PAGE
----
A registration statement was filed with the Indonesian regulator Bapepam yesterday (Monday) allowing Astra to raise up to $150 million from a rights offering. The deal is contingent on the company's creditors approving its debt restructuring at a vote on November 26, followed by its shareholders approving the deal at an EGM on December 16.
ING and JPMorgan have been mandated as lead managers to the deal and both have a long-standing relationship with either Astra or its majority shareholder, Jardines-owned Cycle and Carriage. ING, for example, first led the company to market in 1991.
It had originally been thought that ABN AMRO would join the two, but the bank is already said to have other underwriting commitments in Asia and the actual amount that will need to be underwritten if most of the major shareholders take up their rights should be relatively small. NM Rothschild & Sons has been acting as advisor to the company on the restructuring of its dollar debt. UBS Warburg, which is also close to the company, has a junior advisory role in the rights issue.
Astra's major shareholders are Cycle and Carriage, which owns roughly 31%, Toyota Motor, which owns 7%, Norbax Inc, a nominee company owned by US fund management arm, the Capital group, which owns 6%, Singapore government-owned GSIC, which owns 5% and the IFC, which also owns roughly 5%. Cycle and Carriage has already indicated that it intends to take up its rights and observers say that most of the major shareholders either intend to take up their rights or increase them. Only one or two are not expected to participate.
Under the current schedule, the deal is expected to go ex-rights on about December 28 and at the end of the subscription period will trade for about five days in mid-January. Based on the company's current market capitalization of roughly $500 million, the deal will represent up to 30% of issued share capital at the top end of the range.
The leads have deliberately gone out with a very wide price range ahead of marketing the deal and lodging a final prospectus with Bapepam a couple of days before the EGM, which will set out the rights ratio and a final price range. At the moment the price range spans Rp500 (the par value of Astra International's share price) and Rp2000. The range is wide to ensure that a deal can be closed in the eventuality of both a stock price crash, or a sharp spike upwards.
Astra International closed yesterday at Rp1,725, having hit a year-to-date high of Rp5,025 in mid June and low of Rp1,425 in mid October.
Specialist say the company is currently trading on a p/e ratio of about two times 2003 earnings and expect a successful rights issue and debt restructuring to prompt a re-valuation of Rp5,000 to Rp8,000 per share.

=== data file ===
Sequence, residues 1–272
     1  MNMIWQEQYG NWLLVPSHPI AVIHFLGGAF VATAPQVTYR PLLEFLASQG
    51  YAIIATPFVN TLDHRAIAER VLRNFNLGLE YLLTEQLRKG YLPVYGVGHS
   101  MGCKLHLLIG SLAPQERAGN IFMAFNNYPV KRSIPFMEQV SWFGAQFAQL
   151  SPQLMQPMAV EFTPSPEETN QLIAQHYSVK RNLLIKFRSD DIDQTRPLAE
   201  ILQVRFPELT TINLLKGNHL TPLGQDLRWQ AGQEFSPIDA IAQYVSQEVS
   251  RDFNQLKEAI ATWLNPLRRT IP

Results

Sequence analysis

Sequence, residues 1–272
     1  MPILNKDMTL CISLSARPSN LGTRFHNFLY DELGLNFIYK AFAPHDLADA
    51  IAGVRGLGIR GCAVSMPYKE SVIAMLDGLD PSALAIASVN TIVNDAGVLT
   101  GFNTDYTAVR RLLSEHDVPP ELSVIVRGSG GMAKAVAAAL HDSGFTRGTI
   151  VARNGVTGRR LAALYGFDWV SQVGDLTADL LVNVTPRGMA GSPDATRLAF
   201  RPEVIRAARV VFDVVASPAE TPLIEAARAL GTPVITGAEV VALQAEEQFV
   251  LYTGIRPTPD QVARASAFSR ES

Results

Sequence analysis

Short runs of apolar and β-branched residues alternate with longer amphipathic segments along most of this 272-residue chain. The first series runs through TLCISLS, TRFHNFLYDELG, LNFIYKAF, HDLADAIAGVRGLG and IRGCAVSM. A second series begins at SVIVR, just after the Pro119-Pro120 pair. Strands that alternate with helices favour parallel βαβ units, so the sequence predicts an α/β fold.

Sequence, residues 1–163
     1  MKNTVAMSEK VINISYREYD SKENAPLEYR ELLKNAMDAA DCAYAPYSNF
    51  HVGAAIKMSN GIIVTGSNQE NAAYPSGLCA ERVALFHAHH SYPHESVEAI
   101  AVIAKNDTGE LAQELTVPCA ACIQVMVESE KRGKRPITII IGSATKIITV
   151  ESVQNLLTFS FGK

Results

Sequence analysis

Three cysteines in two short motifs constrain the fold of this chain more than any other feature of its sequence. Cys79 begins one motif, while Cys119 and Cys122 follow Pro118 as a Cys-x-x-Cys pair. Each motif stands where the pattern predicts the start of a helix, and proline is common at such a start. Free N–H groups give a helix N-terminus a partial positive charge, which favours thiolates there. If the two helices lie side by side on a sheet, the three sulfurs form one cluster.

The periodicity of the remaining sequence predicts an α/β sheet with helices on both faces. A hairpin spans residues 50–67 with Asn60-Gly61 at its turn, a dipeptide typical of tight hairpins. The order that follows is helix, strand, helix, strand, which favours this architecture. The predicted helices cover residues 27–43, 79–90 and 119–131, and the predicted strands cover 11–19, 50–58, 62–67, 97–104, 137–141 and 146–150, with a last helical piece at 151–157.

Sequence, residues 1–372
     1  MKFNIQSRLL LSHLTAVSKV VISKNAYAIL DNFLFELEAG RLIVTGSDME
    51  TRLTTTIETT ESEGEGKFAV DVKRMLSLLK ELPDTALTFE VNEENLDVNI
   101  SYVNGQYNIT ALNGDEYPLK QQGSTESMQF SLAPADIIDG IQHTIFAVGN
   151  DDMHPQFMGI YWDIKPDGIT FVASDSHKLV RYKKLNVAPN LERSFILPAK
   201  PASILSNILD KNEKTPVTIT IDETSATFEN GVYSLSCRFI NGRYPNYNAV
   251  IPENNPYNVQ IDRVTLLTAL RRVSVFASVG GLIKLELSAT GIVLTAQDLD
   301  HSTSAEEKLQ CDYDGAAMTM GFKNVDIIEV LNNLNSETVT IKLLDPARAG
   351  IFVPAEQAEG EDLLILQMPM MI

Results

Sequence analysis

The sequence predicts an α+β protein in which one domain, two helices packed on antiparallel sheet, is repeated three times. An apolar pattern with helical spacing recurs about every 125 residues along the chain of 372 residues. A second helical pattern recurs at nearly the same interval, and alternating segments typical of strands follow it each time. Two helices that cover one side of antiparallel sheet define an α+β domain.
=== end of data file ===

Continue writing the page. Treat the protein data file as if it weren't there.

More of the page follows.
The major remaining issue is the acceptance of Astra's debt restructuring by its creditors. The steering committee has already agreed to the restructuring and observers say this group accounts for about 40% of all creditors. At the full creditors' meeting on November 26, the company needs to obtain a quorum of two-thirds of creditors and get an acceptance rate from two-thirds of those present.
On completion of the rights offering, about 60% of the proceeds will be used to re-pay debt and the remaining 40% has been earmarked for working capital purposes. Analysts say that Astra's debt problems do not so much stem from the amount of debt it has, but the maturity schedule. Indeed, a number of the commercial banks are said to have been unhappy that they were forced to take another haircut from a second debt restructuring (the first happened in 1998), when the company has strong cash flows and could have completed an exchange offering in the public bond markets instead.
Under the terms of the restructuring, Astra has been given an option to extend both series II and series III debt from 2006 to 2009. Series I debt has already been re-paid.
The deal effectively allows the company to reduce its annual payments by about 44% according to analysts. Series II debt comprises $645 million in international debt and Rp703 billion in domestic debt, whilst series III comprises $96.6 million in international debt and Rr99.47 billion in domestic debt.
The successful completion of a deal will be good news for the Indonesian equity markets, where trading is still dominated by two telcos, a cigarette company and a handful of banks. Despite initiating a debt restructuring, Astra has always managed to stay current on its debt and in a country where long, litigious and contentious work-outs are the norm, it has managed to speed the process through quite quickly.
The company also recently reported relatively strong third quarter results, with operating profit improving 9.5% over the first nine months to Rp2.14 trillion ($23.7 million). Sales totalled Rp22.7 trillion. It has also been able to recoup some of its market share in the auto market, creeping back up to 45.1% share in October up from 40% over the summer months.
As UBS Warburg wrote in a recent research report, "We view the better than expected October sales figures as continued proof of the company's strong ability to generate cash flow.... The health of the operating entity confirms our belief that should Astra be valued on its core operations rather than short-term risk factors, the company would be heavily undervalued."